For those of you still wondering – well done to Andrew and in particular Walter – exactly what this little bottle is, let’s not string it out. Here’s the answer.
The crest on the bottle (honest Guv), and also on this button, is the double-headed eagle motif seen in the top right inset, and our little bottle is a Russian Imperial Army oil bottle for a Mosin-Nagant 1891 rifle, seen in the lower inset (and possibly, probably, somewhere in the world, responsible for someone’s death this very day, these rifles still to found in places you and I probably don’t wish to go to) and used by the Russians until the end of the Great War – that’ll be 1917 in their case, after which there was no Russian Imperial Army.
Once upon a time the bottle would have looked more like this; the C.O.3. is actually cyrillic denoting Sestroryetsk, a district of St. Petersburg on the banks of the Gulf of Finland, and the location of the Mosin Nagant factories during the Great War. The crest is, of course, that of the Romanoffs, the Tsar & his family, to you and me.
The button with the crest – this is the reverse – is a typical Russian Imperial Army button, and as we are talking Russian buttons,…
…here are some more, the one in the centre again with the Romanoff crest, the two plain ones on either side at the bottom probably late war, because many of these I have seen have regimental numbers on them, the three at the top also metal, and well used, too.
Some Russian coins, while we’re at it, once more with the double-headed eagle on the obverse (left picture, easiest to see bottom right),…
…and some more, but I don’t think these are going to fit in any vending machine.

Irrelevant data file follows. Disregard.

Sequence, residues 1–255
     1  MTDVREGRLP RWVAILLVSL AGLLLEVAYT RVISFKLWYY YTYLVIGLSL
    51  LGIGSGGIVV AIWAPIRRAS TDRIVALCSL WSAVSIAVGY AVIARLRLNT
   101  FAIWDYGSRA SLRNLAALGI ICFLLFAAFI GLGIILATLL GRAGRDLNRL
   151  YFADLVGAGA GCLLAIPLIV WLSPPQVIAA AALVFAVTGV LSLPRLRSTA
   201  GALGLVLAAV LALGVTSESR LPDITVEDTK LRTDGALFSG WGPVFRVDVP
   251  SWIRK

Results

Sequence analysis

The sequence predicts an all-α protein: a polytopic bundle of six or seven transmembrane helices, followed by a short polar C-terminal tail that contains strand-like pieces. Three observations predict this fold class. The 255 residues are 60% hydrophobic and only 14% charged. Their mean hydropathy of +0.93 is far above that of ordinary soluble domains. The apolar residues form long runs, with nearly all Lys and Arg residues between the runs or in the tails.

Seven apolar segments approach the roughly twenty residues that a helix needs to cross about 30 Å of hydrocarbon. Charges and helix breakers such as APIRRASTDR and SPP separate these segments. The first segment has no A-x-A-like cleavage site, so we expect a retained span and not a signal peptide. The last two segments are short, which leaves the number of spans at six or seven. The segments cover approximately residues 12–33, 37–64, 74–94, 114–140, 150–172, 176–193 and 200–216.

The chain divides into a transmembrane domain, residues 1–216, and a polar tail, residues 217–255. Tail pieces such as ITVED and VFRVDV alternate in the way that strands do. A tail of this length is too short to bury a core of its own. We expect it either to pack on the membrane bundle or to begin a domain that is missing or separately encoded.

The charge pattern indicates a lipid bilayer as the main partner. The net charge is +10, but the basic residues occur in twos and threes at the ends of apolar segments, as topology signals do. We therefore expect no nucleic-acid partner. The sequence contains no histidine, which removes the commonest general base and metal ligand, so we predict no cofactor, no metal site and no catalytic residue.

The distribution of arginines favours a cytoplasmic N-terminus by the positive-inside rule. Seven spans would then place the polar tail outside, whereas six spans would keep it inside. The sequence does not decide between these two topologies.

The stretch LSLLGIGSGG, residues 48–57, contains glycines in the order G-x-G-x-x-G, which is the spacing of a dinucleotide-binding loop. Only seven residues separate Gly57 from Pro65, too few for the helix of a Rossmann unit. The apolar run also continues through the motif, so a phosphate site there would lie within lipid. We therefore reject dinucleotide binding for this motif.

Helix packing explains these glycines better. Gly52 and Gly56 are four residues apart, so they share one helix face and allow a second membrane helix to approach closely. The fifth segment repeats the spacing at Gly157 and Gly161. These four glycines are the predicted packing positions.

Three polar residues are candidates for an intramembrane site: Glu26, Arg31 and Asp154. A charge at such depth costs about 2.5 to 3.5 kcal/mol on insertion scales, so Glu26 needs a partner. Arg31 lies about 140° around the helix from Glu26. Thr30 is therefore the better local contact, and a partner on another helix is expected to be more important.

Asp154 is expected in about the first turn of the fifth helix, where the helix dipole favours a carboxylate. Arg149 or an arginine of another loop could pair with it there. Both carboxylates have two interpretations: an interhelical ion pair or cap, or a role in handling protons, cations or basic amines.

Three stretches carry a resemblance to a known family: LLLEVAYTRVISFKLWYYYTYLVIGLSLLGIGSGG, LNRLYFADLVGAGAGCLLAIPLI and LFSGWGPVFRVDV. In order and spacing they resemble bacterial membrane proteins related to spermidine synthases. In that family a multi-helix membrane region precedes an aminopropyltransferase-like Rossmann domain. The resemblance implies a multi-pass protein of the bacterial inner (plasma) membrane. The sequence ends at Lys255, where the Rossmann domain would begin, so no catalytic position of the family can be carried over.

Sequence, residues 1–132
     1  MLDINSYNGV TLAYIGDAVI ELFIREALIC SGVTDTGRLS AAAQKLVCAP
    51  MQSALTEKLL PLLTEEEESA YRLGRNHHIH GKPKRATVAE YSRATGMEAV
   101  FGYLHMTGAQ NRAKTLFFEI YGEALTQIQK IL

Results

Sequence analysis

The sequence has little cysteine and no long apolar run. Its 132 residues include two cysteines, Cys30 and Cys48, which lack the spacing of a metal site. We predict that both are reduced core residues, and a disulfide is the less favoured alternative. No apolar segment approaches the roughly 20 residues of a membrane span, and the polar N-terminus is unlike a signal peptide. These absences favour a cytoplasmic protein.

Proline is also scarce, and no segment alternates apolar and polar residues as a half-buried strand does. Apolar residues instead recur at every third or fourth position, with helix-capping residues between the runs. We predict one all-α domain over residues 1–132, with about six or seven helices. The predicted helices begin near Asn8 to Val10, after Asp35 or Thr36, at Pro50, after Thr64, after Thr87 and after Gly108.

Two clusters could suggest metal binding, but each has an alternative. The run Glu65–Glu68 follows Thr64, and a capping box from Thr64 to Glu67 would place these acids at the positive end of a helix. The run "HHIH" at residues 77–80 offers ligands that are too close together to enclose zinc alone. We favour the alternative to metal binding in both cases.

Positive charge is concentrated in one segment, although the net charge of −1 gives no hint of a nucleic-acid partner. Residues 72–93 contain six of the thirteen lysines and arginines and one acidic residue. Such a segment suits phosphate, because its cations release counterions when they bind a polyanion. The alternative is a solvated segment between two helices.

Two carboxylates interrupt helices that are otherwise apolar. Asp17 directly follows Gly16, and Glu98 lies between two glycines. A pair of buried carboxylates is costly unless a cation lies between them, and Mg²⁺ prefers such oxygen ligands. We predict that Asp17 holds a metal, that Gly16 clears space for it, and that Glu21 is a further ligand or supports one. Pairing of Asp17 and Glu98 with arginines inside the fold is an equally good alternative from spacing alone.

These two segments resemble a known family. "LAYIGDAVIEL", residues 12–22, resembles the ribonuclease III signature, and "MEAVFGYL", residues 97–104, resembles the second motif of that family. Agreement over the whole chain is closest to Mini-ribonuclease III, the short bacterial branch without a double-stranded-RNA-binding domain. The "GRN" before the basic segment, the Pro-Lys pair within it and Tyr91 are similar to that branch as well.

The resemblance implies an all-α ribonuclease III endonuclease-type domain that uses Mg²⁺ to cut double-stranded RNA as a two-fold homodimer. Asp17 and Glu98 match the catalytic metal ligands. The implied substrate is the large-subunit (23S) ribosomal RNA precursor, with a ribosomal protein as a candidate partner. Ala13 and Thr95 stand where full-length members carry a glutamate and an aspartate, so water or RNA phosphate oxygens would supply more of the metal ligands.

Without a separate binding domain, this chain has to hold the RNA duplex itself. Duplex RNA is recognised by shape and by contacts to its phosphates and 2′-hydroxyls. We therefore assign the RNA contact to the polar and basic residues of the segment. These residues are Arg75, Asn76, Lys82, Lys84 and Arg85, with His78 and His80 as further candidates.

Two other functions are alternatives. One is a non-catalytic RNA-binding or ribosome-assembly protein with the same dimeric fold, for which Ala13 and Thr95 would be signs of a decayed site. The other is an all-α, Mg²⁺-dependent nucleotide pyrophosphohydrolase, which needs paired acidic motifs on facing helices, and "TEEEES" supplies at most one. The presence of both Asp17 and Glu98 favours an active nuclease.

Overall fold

If you look carefully you can see that these two coins, for example, are completely fused together,…
…and the only thing that is going to make that happen is intense heat. These items all came from a Russian Great War bunker in modern-day Latvia, and frankly, you have to hope that no Russian soldiers were present when whatever happened within took place, although where you find coins, you tend to find people.
A few other items from the Russian front; I recognise a spark plug, and a spoon, and buckle and an ammunition clip (to feed bullets into your rifle, or rifle magazine) at the bottom. The rest, well, your guess is as good as mine.
And to finish, a, presumably, Russian bullet (close-ups below; again, any ideas from what?), a well-used nit comb (probably a louse comb in practise), and a thimble.
The stories they could tell. Now, as we’re talking Russian artefacts, if anyone’s interested, I have a couple of Fabergé eggs I’m anxious to get rid of……
If it’s a Russian bullet, then it’s from a 7.62x54R cartridge. But the nose looks too rounded for one of those. I bet that the cartridge collectors will be able to help us out here.
It’s the roundedish end that has stymied me so far, although I am only trying to match it with photos. Maybe I should put it on an Ordnance Facebook site – I have added close-up pics at the end of this post, btw.
From seeing your last posts, Faberge eggs or Faberge grenades?!
I’m afraid the Fabergé grenade was another Great War failure – apparently they worked okay, or would have, but they couldn’t find anyone who would actually let go……….